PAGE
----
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The Yankee Express

Luke’s Christmas Gift

By Amy LeClaire

“Are you coming to see me?”
When it comes to the sights and sounds of the season, Luke is not shy to the joy of Christmas. He’s an avid watcher. He’s aware of the reason for the season. 
He stares across the front lawn. Another blue truck screeches to a halt and states the obvious. “A person is inside! He’s coming, he’s coming, he’s coming. I can feel it in my bones.” Luke quivers and smiles. His mouth opens and shuts. “He’s coming. He’s not. He’s texting. He’s just about ready!” 
Luke stares some more, turns around like an oversized ballerina, then snaps out of delirium to concentrate. He doesn’t want to miss out on a single clue that, indeed, a person will carry a pizza or a present to his front lawn. 
“I wonder if he’s bringing me something?” He stalks to the middle of the lawn and crouches down to submission. “I’m going to show the driver that my big head has nothing to do with my personality. I’m going to show him how gentle I truly am.” He remains down for as long as he can bear it. Given his age (not yet two) I find Luke’s patience to be remarkable. Still, my pup is about to learn a lesson—that not everyone likes dogs. The Amazon driver is no exception. 
He appears stiff and serious, a cautious elf. Sensing his ambivalence, Luke attempts to compromise the awkward moment. He sits up straight and smiles proudly. “My name is Luke Valentino and I have my own column and website. You can find me at---” 
Cautious Elf is unimpressed. He recoils. I eye him through the bubble glass of the front door like Mama in her kerchief, though I’m unable to settle down for any kind of nap. A Christmas package is in jeopardy. 
“Hi there!” I pull open the front door. 
Luke takes my sudden appearance as a clue that a front yard social is in order. He gallops closer to Cautious Elf. “Momma, look – the elf with a vest on has a present for me!”  Then he resumes a clownish habit he’s recently adopted during new transitions. He chases his tail foolishly, spinning around like a top with a fur coat. My gaze rests on my crazy, spinning dog. Fearing him seems superfluous. Nevertheless, the driver has a right to be afraid. The journalist in me longs to better understand him. (Moreover, I want that package). 
“Luke is just shy of two. He still has some puppy in him. I’m sorry.”
Not sorry, Luke finishes one final spin and hedges closer to our guest. 
“It’s just that— ” Cautious Elf takes a deep breath. The cloud of his exhale falls heavily in the space between us.
“You’ve been bit?” I read his mind.
“Yeah. I had a bad experience.” 
The Valentino in Luke flares. “Give me a name.” He tilts a curious head to the victim holding a present and inquires. “No one messes with my people.” I make a fair decision to grab Luke’s collar and collect more information. 
“That must have been terrible. Was it a Pitbull, by chance?” 
He places his free finger on his chin, a detective with a new clue. “Actually, it was a dog that looked like yours.”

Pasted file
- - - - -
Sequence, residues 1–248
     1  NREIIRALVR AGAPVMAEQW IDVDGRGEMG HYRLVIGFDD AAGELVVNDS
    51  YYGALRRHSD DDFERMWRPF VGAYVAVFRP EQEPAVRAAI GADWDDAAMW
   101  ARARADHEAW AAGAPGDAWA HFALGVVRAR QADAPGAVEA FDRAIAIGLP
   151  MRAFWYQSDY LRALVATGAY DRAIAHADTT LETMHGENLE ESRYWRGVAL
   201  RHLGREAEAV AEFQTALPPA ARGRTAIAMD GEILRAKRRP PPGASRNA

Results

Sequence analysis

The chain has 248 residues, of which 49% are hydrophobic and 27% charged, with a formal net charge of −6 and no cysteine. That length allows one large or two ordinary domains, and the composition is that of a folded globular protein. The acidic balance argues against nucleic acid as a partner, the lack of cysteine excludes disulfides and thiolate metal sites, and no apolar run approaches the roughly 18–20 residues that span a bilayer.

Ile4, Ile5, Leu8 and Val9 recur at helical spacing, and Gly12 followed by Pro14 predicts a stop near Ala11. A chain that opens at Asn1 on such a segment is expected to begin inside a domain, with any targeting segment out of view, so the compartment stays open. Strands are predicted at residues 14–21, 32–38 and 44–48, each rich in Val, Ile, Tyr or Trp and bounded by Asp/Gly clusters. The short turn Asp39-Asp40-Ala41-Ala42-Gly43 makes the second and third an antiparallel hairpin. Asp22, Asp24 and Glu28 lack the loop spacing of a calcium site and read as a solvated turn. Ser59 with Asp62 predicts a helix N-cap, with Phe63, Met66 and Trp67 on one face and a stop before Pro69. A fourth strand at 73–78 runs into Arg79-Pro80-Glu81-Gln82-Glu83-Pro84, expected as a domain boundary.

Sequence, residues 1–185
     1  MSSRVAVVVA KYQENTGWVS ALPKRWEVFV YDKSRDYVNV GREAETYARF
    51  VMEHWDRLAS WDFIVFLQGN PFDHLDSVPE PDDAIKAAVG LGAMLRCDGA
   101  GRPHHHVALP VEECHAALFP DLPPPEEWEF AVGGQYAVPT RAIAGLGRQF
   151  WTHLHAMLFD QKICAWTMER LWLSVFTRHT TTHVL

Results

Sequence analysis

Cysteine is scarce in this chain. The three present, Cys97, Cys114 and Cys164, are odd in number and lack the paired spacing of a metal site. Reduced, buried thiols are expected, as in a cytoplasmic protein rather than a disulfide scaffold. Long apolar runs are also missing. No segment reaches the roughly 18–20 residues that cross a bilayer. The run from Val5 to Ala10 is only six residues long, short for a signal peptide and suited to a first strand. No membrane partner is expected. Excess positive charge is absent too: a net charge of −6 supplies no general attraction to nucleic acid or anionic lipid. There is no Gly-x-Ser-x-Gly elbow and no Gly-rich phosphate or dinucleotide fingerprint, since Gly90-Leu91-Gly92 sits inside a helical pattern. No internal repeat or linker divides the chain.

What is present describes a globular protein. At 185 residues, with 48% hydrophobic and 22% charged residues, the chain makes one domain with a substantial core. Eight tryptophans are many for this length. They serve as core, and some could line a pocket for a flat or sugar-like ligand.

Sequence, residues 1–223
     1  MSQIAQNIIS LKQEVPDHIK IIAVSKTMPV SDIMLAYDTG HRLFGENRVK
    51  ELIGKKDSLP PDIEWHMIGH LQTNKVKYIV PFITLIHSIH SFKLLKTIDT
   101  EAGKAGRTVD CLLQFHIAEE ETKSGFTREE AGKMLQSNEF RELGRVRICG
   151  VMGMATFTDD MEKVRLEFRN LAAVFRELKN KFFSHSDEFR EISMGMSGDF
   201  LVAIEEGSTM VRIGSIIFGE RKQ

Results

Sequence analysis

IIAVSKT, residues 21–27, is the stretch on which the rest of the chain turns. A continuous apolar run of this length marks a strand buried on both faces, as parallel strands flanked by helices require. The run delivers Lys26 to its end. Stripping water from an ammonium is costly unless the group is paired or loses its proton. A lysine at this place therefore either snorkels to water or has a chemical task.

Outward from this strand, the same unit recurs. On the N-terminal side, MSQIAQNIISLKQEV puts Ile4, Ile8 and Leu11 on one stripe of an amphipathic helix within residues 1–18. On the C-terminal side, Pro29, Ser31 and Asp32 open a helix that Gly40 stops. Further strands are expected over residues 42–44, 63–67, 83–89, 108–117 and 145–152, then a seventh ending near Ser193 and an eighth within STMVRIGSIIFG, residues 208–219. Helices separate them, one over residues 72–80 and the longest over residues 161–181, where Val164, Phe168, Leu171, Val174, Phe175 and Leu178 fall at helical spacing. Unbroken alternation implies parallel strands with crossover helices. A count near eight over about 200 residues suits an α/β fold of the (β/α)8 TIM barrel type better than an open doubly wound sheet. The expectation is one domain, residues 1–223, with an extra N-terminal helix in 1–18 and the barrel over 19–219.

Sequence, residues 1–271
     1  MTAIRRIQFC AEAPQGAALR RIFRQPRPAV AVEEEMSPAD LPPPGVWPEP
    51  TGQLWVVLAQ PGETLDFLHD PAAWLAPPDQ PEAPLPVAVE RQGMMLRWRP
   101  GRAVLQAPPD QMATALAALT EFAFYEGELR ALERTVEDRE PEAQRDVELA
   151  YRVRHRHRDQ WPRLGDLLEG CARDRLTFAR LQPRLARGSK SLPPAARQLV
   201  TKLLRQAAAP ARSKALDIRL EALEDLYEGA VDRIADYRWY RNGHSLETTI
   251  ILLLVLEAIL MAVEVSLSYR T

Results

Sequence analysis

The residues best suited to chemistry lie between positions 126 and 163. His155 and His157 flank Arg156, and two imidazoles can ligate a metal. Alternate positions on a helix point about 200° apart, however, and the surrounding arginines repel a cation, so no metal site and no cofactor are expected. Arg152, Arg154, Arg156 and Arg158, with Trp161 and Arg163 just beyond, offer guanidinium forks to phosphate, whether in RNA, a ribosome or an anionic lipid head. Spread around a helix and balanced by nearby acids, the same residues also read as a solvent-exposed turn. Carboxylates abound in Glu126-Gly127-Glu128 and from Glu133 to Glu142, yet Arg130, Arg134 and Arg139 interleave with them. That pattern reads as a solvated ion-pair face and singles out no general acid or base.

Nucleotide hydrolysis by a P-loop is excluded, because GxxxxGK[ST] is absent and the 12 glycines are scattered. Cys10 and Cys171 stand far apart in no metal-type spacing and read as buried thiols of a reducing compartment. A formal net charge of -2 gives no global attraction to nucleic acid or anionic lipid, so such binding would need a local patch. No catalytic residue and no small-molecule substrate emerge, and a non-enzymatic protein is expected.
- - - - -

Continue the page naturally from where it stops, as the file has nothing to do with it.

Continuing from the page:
Luke looks up at me. He appears curious, a bear cub who’s just finished the last of his honey.  “Wasn’t me.”
The thought of a Golden Retriever attacking a person seems inconceivable, but the truth is grim. Any dog can bite. We don’t know exactly what passes through a dog’s mind pre-attack, though we do know that temperament, a dog’s upbringing, territorial or food aggression, and fear play a role. I pet Luke’s big head. He, too, seems to understand. 
“Can I still have the present?” 
The Amazon gift bag dangles lifelessly in the hand of Cautious Elf, an employee I place at the age of 25. He has a whole life ahead of him to experience the joy of dogs, yet he’s been traumatized by one that looks like a bear cub. I remember the day Luke was attacked by a shepherd at the dog park. I haven’t been able to return to that very park. Despite my perplex with the situation, I do understand this young man. “I’ll go put Luke in the house,” I say, and proceed to tug Luke by the collar, back towards the front door.
“I didn’t do anything, Momma!” Luke shuffles against my side with a heavy heart. I feel badly, but it’s the right thing to do. 
Little did I know we were all about to witness the kind of gift that can’t be wrapped.
Luke and I pause. 
“Your dog seems pretty cool.”
Luke tugs me back to the elf’s voice. “He said I’m cool!” 
“Are you sure you want to meet Luke?” I don’t want to exacerbate his trauma, yet deep down, I’m proud of the decision to face his dog demon. Luke is equally as proud. He wiggles joyfully. “Aw. That driver had me at Park.” 
Cautious Elf approaches Luke then kneels to his level. Roles shift. A Man Bitten and A Dog Loved form a match made on my frosty lawn. “He’s so soft,” he says, massaging Luke’s big head. “Your vest smells like popcorn.” Luke sniffs the man’s pocket. 
“Luke, be easy,” I command, partially fearing the worst, that my dog bites the hand that feeds us somebody’s Christmas gift. However valid, my fear is short-lived. Luke licks the scruff of the man’s chin, boasting a relationship that works. “Hey, you can’t have that.” Happy Elf chuckles while Luke gnaws playfully at the corner of a package that’s taken far too long to be delivered. 
“I’ll take that,” I say with a snatch and a smile. Happy Elf hands it over but deep down I know the truth. Once again, my dog, a healer, has delivered a gift that can’t be wrapped. 

Follow Luke on IG @livingwithlukevalentino 
Write to Amy – [email protected]